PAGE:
The Rise of Homeschooling for Minoritized Students

By Brian Soika

July 29, 2021

A Black student completes school work at a desk in his home, highlighting the rise of homeschooling for marginalized students

Photo by Eric Haynes, licensed under Creative Commons

Traditionally, homeschooling in America has been preferred by families that wanted a more concentrated, individualized approach to education, or perhaps sought to incorporate religious views into their curriculum.

However, recent data suggests that homeschooling may now be a desirable alternative for historically marginalized populations that do not feel supported by their schools.

For the period between 2019 and May 2021, the U.S. Census Bureau reported that the population of homeschooled children nearly tripled, with large increases for Black, Hispanic and Asian* students, and a more moderate jump for White students.

While the pandemic played a role for many families who recently began homeschooling, some cite concern about racial disparities.

For these families and others who have anxiety over their children’s experience at school, how might schools create more inclusive and supportive environments for students of color?

Engage Students and Teachers on Racial Equity

In the wake of George Floyd’s murder and the controversy around critical race theory, race has become an increasingly delicate issue in schools.

However, advocates of racial equity say that incorporating race into curriculum and discussing it with students creates a more well-rounded education, and can build a sense of trust in school among minoritized students.

Additionally, providing in-depth training for teachers on equity may help prepare them for facilitating lesson plans and class conversations.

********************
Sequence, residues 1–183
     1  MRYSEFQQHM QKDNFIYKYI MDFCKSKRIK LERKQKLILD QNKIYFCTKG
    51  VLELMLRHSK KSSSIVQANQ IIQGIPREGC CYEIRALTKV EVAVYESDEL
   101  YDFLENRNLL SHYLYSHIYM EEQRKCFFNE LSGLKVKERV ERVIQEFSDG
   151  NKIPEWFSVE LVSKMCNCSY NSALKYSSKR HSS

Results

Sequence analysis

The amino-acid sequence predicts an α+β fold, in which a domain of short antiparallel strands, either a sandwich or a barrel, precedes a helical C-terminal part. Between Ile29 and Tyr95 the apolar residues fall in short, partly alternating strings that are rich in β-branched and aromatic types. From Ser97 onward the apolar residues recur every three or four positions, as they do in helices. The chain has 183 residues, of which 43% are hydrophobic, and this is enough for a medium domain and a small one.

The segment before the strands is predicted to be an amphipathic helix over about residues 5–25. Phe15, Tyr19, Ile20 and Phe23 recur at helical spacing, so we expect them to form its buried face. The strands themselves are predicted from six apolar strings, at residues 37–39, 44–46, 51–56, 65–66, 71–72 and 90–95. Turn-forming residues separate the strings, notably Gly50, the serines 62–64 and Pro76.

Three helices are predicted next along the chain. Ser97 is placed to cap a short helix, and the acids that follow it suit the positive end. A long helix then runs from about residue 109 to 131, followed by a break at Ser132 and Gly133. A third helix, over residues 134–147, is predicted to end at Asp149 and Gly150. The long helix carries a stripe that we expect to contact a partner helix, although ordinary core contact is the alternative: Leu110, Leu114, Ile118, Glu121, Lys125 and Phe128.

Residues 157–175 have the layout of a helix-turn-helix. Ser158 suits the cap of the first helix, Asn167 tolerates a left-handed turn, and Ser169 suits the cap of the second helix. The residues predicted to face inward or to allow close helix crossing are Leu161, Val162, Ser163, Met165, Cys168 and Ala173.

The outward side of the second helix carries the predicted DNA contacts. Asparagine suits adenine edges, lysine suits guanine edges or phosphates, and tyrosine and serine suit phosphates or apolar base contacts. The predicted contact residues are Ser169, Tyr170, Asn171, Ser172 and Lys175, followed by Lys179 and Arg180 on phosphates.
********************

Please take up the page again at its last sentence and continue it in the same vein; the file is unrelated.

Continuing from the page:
Repair School Infrastructure

Urban schools often suffer from infrastructure problems. Issues range from the need for basic upgrades to mold and a lack of heat in the winter. 

Providing students with adequate learning spaces helps them see that their experiences are just as valid as those of students from wealthier districts, said Alejandro Diasgranado, 2021 Washington, D.C. Teacher of the Year during the U.S. Department of Education’s Equity Summit Series.

The pandemic also creates an immediate need to improve ventilation. Urban schools typically lack the resources for major repairs, though some districts are tapping American Rescue Plan funds to address infrastructure. 

Expand Communication Efforts

Families who choose homeschooling over concerns about race may feel like their voices are not heard by schools. 

By increasing communication with parents, schools can refine their understanding of families’ needs. Teachers may want to expand discussions with parents to learn more about how students are doing outside of the classroom. Leadership can also create more opportunities to receive feedback.

Incorporating feedback, whenever possible, can strengthen relationships with families. 

*Data recorded between 2016 and May 2021